The Sisters of Saint Joseph feel honoured to be part of this on-going story of Weikert Cottage and the founding story of the Jesuits in Australia here at Sevenhill. The Sisters who lived in Sevenhill write fondly of their experiences and their visits to the College. We know that a strong bond continues to exist with the Jesuits and we will be forever grateful for the influence of Fr Tappeiner during the difficulties of those early years of the Institute. Without this our existence would not have been built on such a strong foundation. We hope the many visitors and pilgrims who visit this special place “Weikert Cottage” will be inspired by the devotion and commitment of those early families and the founding Jesuits.
Mary MacKillop’s spirit lives on here, and so we pray that each visitor will receive a double portion of her spirit while resting here. In moments of hardship, they will be encouraged by her courageous spirit. Weary souls will draw from the well of her compassionate heart and others will find a moment of quiet to replenish their spirit and be refreshed by the beauty of the surroundings and know as she knew ‘Truly wonderful are the ways of God’. (Mary MacKillop 1873)
Thank you for sharing this day with us.
Monica Cavanagh rsj - Congregational Leader of Sisters of Saint Joseph. 19 March 2023
“We are all pilgrims on a journey. The first Jesuits as well as the Weikert family came here as pilgrims. I came from Vietnam and came out to Australia as a refugee. On any journey, whether it is physical or spiritual, we need to look back over our shoulder (or check the relevant app on our mobile devices!) to discern our own starting point.
Why do we do that? The answer is simple. We do it in order to gauge not just how far we’ve come but also to take into account the obstacles that have been conquered along the way. When we take the time to create that perspective, we then truly appreciate how much has been achieved in the 175 years since the first Jesuits arrived in South Australia. Today is no different. The blessing and opening of the renovated Weikert Cottage reminds us to look back at the foundation of the Jesuit presence in Australia. This historic cottage was severely damaged by the Ash Wednesday bushfires of 1983. There are deeply significant Biblical overtones in this story. That was 40 years ago, and the number 40 is a recurring theme in the Bible, representing the most testing times.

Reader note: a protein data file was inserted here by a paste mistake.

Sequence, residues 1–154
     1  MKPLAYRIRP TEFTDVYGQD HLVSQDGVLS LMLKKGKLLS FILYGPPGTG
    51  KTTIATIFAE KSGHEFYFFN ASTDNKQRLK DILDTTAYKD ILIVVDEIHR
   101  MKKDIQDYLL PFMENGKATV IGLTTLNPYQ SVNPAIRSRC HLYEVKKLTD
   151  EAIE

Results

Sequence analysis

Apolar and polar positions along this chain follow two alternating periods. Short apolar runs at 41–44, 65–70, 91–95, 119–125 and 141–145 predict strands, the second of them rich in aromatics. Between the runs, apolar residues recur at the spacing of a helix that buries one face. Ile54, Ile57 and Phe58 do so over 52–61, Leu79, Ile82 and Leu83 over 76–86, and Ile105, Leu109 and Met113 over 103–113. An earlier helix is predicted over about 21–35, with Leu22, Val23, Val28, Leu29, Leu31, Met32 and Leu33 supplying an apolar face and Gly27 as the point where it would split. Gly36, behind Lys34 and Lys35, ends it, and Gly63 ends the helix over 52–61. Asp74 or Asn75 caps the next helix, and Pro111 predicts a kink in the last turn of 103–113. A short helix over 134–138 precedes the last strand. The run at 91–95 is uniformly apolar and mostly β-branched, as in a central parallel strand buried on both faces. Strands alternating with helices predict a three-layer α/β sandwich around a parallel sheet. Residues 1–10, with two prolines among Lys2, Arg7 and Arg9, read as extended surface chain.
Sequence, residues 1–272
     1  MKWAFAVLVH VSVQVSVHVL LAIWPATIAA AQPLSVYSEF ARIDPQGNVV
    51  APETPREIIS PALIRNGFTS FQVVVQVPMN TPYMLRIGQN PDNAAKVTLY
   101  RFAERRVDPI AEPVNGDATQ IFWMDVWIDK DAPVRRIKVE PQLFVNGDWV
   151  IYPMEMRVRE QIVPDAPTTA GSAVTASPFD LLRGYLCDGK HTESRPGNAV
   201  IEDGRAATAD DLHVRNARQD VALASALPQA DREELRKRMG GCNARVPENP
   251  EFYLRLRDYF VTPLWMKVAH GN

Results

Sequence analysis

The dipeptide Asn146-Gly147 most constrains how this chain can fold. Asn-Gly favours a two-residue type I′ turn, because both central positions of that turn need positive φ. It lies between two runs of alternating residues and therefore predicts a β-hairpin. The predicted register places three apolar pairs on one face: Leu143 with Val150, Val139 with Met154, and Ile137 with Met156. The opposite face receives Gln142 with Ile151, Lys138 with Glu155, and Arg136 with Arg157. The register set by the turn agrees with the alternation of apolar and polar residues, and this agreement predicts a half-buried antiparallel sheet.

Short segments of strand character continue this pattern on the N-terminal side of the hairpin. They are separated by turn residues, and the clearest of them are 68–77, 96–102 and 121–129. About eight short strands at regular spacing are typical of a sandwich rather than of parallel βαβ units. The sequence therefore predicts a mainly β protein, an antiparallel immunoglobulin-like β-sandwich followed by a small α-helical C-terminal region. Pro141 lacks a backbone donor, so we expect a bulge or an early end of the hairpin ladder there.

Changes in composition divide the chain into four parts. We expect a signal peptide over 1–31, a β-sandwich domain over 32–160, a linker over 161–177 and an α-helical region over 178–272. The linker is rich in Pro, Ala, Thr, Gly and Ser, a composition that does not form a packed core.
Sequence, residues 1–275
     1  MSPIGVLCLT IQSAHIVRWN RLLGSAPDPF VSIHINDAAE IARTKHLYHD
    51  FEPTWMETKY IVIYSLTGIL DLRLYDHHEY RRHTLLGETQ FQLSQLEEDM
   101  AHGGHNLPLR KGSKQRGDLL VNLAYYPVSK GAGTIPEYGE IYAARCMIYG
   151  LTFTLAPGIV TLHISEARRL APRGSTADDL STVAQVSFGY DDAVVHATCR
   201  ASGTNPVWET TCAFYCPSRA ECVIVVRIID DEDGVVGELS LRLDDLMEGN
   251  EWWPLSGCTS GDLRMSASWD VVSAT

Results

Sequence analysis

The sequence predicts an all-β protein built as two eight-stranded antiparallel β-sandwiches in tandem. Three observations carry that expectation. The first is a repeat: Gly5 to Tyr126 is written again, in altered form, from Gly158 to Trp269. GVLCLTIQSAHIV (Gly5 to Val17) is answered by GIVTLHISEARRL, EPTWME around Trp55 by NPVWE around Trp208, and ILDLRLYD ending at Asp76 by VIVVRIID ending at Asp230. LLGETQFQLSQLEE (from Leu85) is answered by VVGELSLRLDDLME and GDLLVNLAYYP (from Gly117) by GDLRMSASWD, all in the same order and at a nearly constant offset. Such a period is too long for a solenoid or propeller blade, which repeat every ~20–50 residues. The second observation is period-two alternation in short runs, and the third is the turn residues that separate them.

Jesus spent 40 days fasting and praying in the desert after being baptised in the Jordan and as he prepared for his life’s mission. Moses spent 40 days in prayer and fasting as he asked God to pardon his people. And surely 40 years must have seemed like an eternity for the people of Israel who traversed the desert as they waited to enter the Promised Land. But today, in a very different scenario from the sorrow and devastation of the Ash Wednesday fires, we are all here to celebrate what has been accomplished. The rebuilding of Weikert Cottage, completed in early 2020, has ensured that its religious and historic significance has been honoured and protected. This was not just due to the support of the Jesuits; it reminds us of the donations that came in, the many fundraising efforts and the tireless work by a small but deeply committed local committee behind the scenes that made it possible. …….. Franz Weikert, after whom this cottage is named, was a prominent farmer from Silesia, a Baltic province of what was then known as Prussia. Seeking religious freedom, he and his wife and eight children led a group of 146 Catholics to Australia. To fund the group’s journey to their own promised land, Franz Weikert sold his farm and used the proceeds to pay the fares of all those in their travelling party………………... Franz and Fransiska are buried not far from here. I’d like to believe that God led them here for many reasons, not least of which was to create the first Jesuit presence in this country. By blessing this rebuilt cottage, we honour and give thanks for their legacy. We pray that God may grant us the discernment to remember their vision and their boldness in venturing into the unknown. May their legacy of spirituality enlighten each of us on our own individual and collective journeys.”